An Integrated Analysis of the Effects of Local Water Institutions on Irrigated Agriculture Outcomes in the Arid Western United States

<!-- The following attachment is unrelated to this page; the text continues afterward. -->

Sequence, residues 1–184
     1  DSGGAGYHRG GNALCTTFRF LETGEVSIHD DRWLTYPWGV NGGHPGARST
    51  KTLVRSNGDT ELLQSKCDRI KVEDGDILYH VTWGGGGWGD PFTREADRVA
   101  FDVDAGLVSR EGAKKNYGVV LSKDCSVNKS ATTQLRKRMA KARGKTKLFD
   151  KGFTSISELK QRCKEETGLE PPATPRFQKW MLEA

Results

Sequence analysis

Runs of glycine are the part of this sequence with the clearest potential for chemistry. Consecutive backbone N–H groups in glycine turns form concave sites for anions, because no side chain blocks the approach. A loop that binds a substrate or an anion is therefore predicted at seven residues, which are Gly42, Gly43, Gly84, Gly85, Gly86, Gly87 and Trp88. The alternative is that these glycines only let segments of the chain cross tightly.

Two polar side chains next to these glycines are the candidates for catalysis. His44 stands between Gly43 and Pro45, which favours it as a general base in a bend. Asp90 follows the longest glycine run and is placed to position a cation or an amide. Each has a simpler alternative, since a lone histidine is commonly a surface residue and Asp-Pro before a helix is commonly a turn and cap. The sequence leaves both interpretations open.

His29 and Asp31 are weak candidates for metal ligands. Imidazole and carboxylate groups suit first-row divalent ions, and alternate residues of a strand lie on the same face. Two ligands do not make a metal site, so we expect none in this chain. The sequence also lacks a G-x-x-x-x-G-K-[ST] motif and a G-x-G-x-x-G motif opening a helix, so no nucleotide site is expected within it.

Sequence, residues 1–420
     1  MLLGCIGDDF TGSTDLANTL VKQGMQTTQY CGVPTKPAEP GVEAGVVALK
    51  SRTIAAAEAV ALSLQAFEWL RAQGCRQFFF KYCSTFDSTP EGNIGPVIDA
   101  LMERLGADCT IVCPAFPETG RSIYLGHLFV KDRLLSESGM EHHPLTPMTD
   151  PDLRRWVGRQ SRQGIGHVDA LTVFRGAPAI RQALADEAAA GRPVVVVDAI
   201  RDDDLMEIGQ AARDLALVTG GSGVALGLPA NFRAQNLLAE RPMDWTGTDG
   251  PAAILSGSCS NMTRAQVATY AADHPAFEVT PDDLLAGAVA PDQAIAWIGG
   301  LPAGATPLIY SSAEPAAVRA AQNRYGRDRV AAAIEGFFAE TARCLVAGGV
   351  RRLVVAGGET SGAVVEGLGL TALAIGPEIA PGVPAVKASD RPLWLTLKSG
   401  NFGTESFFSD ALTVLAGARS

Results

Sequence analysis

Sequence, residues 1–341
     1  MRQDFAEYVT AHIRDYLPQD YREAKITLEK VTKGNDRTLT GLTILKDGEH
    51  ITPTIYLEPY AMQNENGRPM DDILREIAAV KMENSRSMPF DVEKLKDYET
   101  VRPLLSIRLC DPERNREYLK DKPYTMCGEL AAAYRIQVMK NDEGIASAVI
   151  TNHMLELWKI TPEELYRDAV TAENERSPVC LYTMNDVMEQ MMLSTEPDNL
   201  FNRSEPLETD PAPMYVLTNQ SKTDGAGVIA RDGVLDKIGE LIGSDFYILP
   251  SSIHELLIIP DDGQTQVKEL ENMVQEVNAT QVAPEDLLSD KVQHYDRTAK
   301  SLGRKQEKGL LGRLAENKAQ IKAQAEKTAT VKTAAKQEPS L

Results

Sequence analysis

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Irrigation water rights and their governance structures constitute the foundation of local water institutions and profoundly influence water resource allocations, irrigated agricultural productivity and other consumptive water uses in the arid climate zones. This article explores the regional structures of irrigation water rights and water governance and empirically analyses the priority effects of water rights on irrigated agriculture at the micro level in Idaho, an arid and semiarid state in the western United States. We integrate a unique data set of water rights and water supplies with agricultural features and environmental characteristics into our empirical analysis. Results indicate that seniority in water resources allocation has significant, positive effects on both the average crop revenue and crop water use efficiency. Local water rights structures differ significantly in seniority and water sources from region to region. In response to the heterogeneity in local water rights structures, the aforementioned effect of allocative priority of water rights on average crop revenue per hectare and crop water productivity varies significantly, reaching up to an 87% difference, when measured across regions. In addition, the priority effects of water rights are nonlinear, which reflects the influence of historical patterns of water rights establishment on water institutions to date.